Responding to the Right

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Responding to the Right: Brief Replies to 25 Conservative Arguments

Responding to the Right - Brief Replies to 25 Conservative Arguments - Paperback - USA.jpg

Paperback - USA - 1st edition.

Author Nathan Robinson
Published 2023-02-14
Type Non-fiction
Genre Educational
Themes Political Science, Politics
Age Group Adult

Responding to the Right: Brief Replies to 25 Conservative Arguments is a non-fiction political book by Nathan Robinson published on 2023-02-14. As the title suggests, the book describes a variety of common Conservative arguments and explains why they are faulty. It also goes into more depth on the methods Conservatives use to reach their conclusions and the problems with them.


Read?Audiobook read by Nathan Robinson.

The older I get, the more interested in political science I become, so I've I been reading more about it. This book caught my eye, but I wasn't confident it would be cerebral enough (political hatred without substance does nothing for me). I was pleasantly surprised that it was more about getting to the truth of political matters than simply mocking Conservatives.





  • The book is everything you'd expect and more. Robinson not only points out the many flaws in the Conservative arguments he covers, but also explains why those arguments sound persuasive to many people, and describes how to address their flaws effectively. The topics he covers include abortion, child labor, climate change, immigration, public education, racism, the separation of church and state, voting rights, wealth inequality, and many more.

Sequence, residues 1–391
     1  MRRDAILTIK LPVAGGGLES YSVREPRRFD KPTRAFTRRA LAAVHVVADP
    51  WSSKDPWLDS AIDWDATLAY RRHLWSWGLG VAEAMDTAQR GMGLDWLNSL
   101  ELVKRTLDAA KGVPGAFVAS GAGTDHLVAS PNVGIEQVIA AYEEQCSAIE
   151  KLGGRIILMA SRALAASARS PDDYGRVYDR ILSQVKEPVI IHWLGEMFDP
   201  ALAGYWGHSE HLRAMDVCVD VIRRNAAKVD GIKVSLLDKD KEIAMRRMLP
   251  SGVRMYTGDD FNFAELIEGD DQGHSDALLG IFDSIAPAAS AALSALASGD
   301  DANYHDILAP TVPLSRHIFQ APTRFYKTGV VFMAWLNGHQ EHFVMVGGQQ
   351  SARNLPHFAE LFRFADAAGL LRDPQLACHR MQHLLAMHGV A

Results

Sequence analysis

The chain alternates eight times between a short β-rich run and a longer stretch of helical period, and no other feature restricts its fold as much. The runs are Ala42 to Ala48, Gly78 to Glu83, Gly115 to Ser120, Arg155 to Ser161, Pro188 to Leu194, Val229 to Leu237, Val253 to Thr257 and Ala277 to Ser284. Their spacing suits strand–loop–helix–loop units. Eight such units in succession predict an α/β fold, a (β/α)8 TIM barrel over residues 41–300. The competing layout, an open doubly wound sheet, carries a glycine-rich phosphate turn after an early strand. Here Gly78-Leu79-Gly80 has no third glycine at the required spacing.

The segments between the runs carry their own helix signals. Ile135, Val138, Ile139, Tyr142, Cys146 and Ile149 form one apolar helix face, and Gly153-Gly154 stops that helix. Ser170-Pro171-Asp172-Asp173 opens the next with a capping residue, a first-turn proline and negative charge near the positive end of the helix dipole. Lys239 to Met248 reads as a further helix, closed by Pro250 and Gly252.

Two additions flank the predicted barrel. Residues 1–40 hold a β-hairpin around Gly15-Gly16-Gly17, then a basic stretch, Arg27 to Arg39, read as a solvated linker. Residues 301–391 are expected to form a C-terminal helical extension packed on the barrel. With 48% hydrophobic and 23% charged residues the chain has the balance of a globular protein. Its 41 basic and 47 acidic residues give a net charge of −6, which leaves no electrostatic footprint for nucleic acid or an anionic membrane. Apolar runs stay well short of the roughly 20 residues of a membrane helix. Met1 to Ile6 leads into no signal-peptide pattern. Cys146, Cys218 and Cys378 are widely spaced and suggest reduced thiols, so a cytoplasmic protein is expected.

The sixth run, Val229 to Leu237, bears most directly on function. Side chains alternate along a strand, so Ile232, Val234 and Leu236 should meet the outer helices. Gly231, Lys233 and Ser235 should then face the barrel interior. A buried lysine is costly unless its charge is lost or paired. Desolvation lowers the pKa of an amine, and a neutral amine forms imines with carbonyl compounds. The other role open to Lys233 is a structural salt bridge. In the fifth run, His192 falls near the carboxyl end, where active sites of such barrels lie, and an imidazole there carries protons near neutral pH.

• The author gives lots of good advice for dealing with debates like, don't assume your interlocutor is dumb, it will often backfire; stay on topic, don't get trolled into unrelated concepts; don't use complex jargon, it alienates anyone who isn't already an expert; don't get hung up on specifics, address the substance; if your interlocutor is ignorant of the topic, address their ignorance, etc.
  • I like that the author doesn't use any hypothetical or imagined beliefs of Conservatives. Instead of straw men, he starts each argument with several quotes from prominent Conservative talking heads.
  • The book isn't just about bashing Conservatives, the author also points out the skills successful Conservatives have: they're charismatic public speakers, they write forceful yet enjoyable prose, etc. He also points out the flaws with several on the Left who are not actually Liberal: they are pretentious, they accept money from the groups they claim to hate, etc.


  • As with many political books, the author is biased in his political views. Although I typically found what he said to be correct, and his criticism of Conservatives is accurate and deserving, his message often leaves the realm of "let's educate Conservatives" and enters the "Conservatives are monsters." To be fair, many of the specific Conservatives he quotes in his book really are saying monstrous things, but I think this applies to a vocal minority in the group. He does talk about helping open-minded people who have Conservative leanings, but a lot of what he says about Conservatives are broad generalizations.


  • Nothing.